The Royal Ontario Museum has unveiled new research based on a cache of fossils that contains the brain and nervous system of a half-billion-year-old sea predator from the Burgess Shale called Stanleycaris. Stanleycaris belonged to an ancient, extinct offshoot of the arthropod evolutionary tree called Radiodonta, distantly related to modern insects and spiders. These findings shed light on the evolution of the brain, vision and head structure of arthropods. The results were announced in the paper: “A three-eyed radiodont with fossilized neuroanatomy informs the origin of the arthropod head and segmentation,” published in the journal Current Biology†
It’s what’s inside Stanleycaris’s head that gets the researchers most excited. In 84 of the fossils, the remains of the brain and nerves are still preserved after 506 million years.
“While fossilized brains from the Cambrian period are not new, this discovery stands out for the astonishing quality of preservation and the large number of specimens,” said Joseph Moysiuk, lead author of the study and a University of Toronto (U of T) doctoral candidate in ecology and evolutionary biology, located in the Royal Ontario Museum. “We can even discern fine details, such as visual processing centers that operate the large eyes and traces of nerves entering the appendages. The details are so clear that it is as if we are looking at an animal that died yesterday.”
The new fossils show that the brain of Stanleycaris consisted of two segments, the protocerebrum and deutocerebrum, which were connected to the eyes and frontal claws, respectively. “We conclude that a two-segmented head and brain has deep roots in the arthropod lineage and that its evolution likely preceded the three-segmented brain characteristic of all living members of this diverse animal phylum,” Moysiuk added.
In contemporary arthropods such as insects, the brain consists of protocerebrum, deutocerebrum, and tritocerebrum. While a segment’s difference may not sound groundbreaking, it actually has radical scientific implications. Because repeated copies of many arthropod organs can be found in their segmented bodies, understanding how these structures diversified across the group is critical. “These fossils are like a Rosetta stone and help link traits in radiodonts and other early fossil arthropods to their counterparts in surviving groups.”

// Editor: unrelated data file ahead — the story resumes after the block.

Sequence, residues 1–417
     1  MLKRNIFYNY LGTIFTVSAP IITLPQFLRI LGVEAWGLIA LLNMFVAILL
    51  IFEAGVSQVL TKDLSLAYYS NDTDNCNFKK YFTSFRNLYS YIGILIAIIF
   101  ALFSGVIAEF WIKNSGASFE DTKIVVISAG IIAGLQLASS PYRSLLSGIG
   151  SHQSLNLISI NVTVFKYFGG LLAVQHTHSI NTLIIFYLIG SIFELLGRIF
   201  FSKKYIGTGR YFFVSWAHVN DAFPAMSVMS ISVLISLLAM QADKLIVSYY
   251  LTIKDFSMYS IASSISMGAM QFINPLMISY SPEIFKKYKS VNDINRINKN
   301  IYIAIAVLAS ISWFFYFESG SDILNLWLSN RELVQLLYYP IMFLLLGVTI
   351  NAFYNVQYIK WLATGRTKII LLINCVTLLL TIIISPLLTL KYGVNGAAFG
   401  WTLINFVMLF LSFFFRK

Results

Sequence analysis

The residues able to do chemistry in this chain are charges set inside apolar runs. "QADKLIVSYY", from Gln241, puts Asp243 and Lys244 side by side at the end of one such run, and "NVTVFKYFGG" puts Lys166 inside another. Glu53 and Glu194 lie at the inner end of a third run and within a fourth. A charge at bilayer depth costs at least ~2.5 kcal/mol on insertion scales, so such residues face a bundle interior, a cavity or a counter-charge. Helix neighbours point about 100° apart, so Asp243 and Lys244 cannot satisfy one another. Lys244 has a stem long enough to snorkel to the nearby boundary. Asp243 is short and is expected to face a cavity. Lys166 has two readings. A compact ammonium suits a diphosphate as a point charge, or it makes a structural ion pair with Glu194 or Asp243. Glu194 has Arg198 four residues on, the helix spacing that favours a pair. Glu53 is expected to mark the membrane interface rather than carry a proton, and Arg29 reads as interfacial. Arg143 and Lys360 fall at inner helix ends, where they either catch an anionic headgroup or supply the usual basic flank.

In addition to his pair of stalked eyes, Stanleycaris possessed a large central eye in the front of his head, a feature never before noticed in a radiodont. “The presence of a huge third eye in Stanleycaris was unexpected. It highlights that these animals looked even more bizarre than we thought, but also shows us that the earliest arthropods had already developed a variety of complex visual systems, like many of their modern ones.” chin,” said Dr. Jean-Bernard Caron, ROM’s Richard Ivey Curator of Invertebrate Paleontology, and Moysiuk’s Ph.D. manager. “Since most radiodonts are only known from scattered bits and pieces, this discovery is a critical step forward in understanding what they looked like and how they lived,” added Caron, who is also an associate professor at the U of T. , in Ecology & Evolution and Earth Sciences.
In the Cambrian period, radiodonts included some of the largest animals around, with the famous “weird wonder” Anomalocaris reaching a length of at least 1 meter. At no more than 20cm in length, Stanleycaris was small for its group, but at a time when most animals grew no bigger than a human finger, it would have been an impressive predator. Stanleycaris’ advanced sensory and nervous systems would have made it possible to efficiently sort out small prey at dusk.
With large compound eyes, a formidable-looking round mouth full of teeth, frontal claws with an impressive array of spines, and a flexible, segmented body with a series of swim flaps along the sides, Stanleycaris would have been a nightmare for anyone. small bottom dweller who unfortunately crosses his path.
About the Burgess Shalea
For this study, Moysiuk and Caron studied a previously unpublished collection of 268 specimens of Stanleycaris. The fossils were mainly collected in the 1980s and 1990s rock layers above the famous Walcott Quarry site of the Burgess Shale in Yoho National Park, BC, Canada, and are part of the extensive collection of Burgess Shale fossils housed in ROM.
The Burgess Shale fossils are located in Yoho and Kootenay National Parks and are managed by Parks Canada. Parks Canada is proud to partner with leading scientific researchers to expand knowledge and understanding of this important period in Earth’s history and share these sites with the world through award-winning guided walks. The Burgess Shale was designated a UNESCO World Heritage Site in 1980 for its outstanding universal value and is now part of the larger Canadian Rocky Mountain Parks World Heritage Site.
Stanleycaris fossils are on public display at the new Burgess Shale fossil display at the Willner Madge Gallery, Dawn of Life at ROM.
Joseph Moysiuk, A three-eyed radiodont with fossilized neuroanatomy informs the origin of the arthropod head and segmentation, Current Biology (2022). DOI: 10.116/j.cub.2022.06.027† www.cell.com/current-biology/f … 0960-9822(22)00986-1
Provided by Royal Ontario Museum
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